Free speech: Be open to debate or become irrelevant

The danger arises when we become too attached to ideas and are no longer open to healthy discourse

Gerry ChidiacHanna Holborn Gray, former president of the University of Chicago, said, “Universities should be expected to provide the conditions within which hard thought, and therefore strong disagreement, independent judgment, and the questioning of stubborn assumptions, can flourish in an environment of the greatest freedom.”

So it’s quite ironic that issues of freedom of speech have taken centre stage at Canadian educational institutions. University of Toronto psychology professor Jordan Peterson was shouted down when trying to speak at McMaster University, and graduate student Lindsay Shepherd was censured for using material featuring Peterson in a lesson at Wilfrid Laurier University.

Cooler heads prevailed in both of these instances and have actually drawn attention to the importance of informed debate in schools.

Perhaps the tension on university campuses results from the fact that while we do our best to determine scientific facts, there’s much we don’t know. Much of what’s written in textbooks is theory and is up for interpretation.

The danger arises when we become too attached to ideas and are no longer open to healthy discourse.

I recall embracing theories of Marxism as a university student. The ideals appeared wonderful, with each person giving what they were able and taking only what they needed. This was certainly more palatable to me in my idealism than the extreme wealth and poverty of capitalist economies, especially in the developing world. I vehemently debated my views – until I spoke to people who had lived under Marxist dictatorships and I actually spent significant amounts of time in developing countries.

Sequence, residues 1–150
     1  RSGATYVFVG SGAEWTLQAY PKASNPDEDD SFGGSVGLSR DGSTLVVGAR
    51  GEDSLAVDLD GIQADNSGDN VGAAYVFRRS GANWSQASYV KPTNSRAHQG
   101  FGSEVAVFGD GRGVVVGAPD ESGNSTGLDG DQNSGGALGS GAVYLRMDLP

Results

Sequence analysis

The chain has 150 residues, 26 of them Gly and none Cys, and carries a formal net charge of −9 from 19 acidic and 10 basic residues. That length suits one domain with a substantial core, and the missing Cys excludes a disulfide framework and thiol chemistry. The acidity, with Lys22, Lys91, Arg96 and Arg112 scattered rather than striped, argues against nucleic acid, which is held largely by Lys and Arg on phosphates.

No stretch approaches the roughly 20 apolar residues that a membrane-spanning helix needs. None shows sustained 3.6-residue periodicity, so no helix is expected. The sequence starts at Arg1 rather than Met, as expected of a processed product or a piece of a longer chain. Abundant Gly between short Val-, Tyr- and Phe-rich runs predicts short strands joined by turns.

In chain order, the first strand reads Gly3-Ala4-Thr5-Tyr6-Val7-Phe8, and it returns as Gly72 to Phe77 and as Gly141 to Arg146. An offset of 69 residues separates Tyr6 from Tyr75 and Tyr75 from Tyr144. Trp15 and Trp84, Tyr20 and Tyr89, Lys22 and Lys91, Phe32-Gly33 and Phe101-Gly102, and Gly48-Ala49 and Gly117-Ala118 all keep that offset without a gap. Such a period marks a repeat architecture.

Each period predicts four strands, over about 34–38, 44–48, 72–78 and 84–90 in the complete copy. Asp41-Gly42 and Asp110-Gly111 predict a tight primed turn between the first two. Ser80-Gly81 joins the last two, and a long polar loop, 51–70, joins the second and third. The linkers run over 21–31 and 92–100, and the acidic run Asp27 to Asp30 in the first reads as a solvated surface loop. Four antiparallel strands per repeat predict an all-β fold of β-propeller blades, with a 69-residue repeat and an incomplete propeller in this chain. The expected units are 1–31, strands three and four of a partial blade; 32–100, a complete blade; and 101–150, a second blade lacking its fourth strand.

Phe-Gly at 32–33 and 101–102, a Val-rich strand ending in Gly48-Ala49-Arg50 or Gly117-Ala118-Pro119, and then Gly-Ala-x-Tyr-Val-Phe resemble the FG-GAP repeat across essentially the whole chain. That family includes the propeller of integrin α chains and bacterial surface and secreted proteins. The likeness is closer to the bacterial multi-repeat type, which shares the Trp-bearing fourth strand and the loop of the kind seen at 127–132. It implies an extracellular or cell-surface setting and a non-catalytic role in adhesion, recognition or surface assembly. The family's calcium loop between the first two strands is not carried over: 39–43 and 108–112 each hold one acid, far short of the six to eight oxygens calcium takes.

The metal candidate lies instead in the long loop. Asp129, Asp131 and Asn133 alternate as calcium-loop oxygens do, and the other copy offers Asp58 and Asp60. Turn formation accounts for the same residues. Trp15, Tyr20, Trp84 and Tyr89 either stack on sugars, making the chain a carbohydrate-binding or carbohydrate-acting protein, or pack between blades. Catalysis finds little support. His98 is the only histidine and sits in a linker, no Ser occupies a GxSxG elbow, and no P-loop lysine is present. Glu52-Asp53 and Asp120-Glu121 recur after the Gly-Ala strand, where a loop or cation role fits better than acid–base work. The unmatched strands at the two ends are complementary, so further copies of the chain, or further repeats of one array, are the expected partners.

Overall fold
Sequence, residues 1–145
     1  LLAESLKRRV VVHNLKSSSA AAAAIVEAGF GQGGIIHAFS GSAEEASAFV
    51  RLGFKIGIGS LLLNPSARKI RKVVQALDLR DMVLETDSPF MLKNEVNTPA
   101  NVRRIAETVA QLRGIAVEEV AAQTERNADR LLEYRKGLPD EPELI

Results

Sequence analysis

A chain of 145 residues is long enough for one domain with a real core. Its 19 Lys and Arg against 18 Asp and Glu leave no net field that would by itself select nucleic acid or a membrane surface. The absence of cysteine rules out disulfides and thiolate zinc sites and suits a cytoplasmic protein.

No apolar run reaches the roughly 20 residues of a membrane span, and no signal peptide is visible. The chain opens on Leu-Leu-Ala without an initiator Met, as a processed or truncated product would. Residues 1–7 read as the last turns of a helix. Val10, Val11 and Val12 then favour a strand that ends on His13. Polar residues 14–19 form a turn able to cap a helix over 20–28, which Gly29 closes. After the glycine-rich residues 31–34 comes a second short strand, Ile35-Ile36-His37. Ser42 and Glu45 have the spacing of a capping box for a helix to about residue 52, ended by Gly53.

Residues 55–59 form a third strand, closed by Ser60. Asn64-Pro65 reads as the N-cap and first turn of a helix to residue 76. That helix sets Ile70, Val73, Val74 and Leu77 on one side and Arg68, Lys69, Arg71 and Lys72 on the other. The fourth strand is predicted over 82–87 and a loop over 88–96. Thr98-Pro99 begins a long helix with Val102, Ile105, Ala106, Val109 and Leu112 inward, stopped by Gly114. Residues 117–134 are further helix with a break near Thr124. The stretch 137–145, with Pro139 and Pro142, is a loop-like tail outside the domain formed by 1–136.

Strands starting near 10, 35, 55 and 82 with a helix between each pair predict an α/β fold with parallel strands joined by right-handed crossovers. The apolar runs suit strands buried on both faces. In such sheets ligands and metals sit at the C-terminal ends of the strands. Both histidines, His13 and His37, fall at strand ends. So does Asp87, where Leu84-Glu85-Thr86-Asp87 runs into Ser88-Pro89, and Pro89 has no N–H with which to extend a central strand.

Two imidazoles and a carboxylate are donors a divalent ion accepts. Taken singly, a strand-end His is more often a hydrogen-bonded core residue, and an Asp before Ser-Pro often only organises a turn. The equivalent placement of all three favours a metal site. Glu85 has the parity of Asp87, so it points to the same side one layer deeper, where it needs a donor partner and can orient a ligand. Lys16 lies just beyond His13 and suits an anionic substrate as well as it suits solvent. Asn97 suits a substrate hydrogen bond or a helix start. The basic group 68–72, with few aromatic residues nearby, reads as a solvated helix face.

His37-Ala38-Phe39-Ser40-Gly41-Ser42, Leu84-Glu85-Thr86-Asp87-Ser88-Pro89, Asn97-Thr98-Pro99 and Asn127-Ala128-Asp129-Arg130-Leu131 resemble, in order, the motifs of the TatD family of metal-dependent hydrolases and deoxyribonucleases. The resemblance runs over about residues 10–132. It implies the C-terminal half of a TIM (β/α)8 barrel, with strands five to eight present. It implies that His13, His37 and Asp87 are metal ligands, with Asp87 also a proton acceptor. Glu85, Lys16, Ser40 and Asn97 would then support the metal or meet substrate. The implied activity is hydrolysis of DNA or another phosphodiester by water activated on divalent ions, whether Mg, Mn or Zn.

Experiencing these challenges to my beliefs, I faced a choice. I could hold fast or I could re-evaluate my views with an open mind and continue learning. It can be frightening to engage in dialogue with those we disagree with, but in doing so, we come closer to finding truth.

Of course, there will be those who purposely distort the truth. David Irving, for example, presented Holocaust denial as legitimate-looking research, which fooled many. When brought up against scholarly scrutiny, however, his lies became apparent and he was discredited.

Scholarly dialogue is perhaps more important today than it has ever been. Before the Internet, we only had to learn to navigate particular sources of information. We knew that the truth was somewhere between the claims of American and Soviet news outlets. Today, the truth can be much harder to discover – but reputable scholars can bring much clarity to the world around us.

The bottom line is that as active citizens, we need to have enough confidence in our views to be open to questioning. Those who are able to do so continue to evolve. Those who aren’t eventually become irrelevant.

I have to admit that I likely wouldn’t have listened to Peterson had he not drawn so much controversy. I was pleased to discover an educator who embraces the ideals of scholarly debate. He doesn’t have an issue with others questioning his views. He doesn’t have an issue saying that he may be wrong. He does have an issue with being criticized and then silenced or shouted down by people who are unwilling to engage in dialogue.

As an educator, perhaps the most valuable lesson I can teach my students is to not only constantly ask questions about the world but to be open to dialogue with those who appear to disagree with us.

If I’m going to ask for this from others, then I too must confidently and humbly embrace the challenge of living in a constant quest for truth.

Troy Media columnist Gerry Chidiac is an award-winning high school teacher specializing in languages, genocide studies and work with at-risk students. 

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